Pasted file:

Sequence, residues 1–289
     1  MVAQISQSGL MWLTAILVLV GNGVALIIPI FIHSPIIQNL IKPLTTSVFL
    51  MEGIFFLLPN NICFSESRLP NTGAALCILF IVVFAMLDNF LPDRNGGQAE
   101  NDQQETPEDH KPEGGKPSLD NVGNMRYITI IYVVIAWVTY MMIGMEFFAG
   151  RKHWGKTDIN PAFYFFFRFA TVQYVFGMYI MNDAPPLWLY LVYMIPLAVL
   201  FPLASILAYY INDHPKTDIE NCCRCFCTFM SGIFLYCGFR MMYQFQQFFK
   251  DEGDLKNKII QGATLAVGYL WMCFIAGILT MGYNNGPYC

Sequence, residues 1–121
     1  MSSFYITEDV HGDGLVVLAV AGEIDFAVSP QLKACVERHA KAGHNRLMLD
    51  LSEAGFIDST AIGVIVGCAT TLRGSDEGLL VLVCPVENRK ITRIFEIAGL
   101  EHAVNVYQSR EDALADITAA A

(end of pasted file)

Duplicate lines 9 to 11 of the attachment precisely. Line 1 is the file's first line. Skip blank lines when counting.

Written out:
     1  MSSFYITEDV HGDGLVVLAV AGEIDFAVSP QLKACVERHA KAGHNRLMLD
    51  LSEAGFIDST AIGVIVGCAT TLRGSDEGLL VLVCPVENRK ITRIFEIAGL
   101  EHAVNVYQSR EDALADITAA A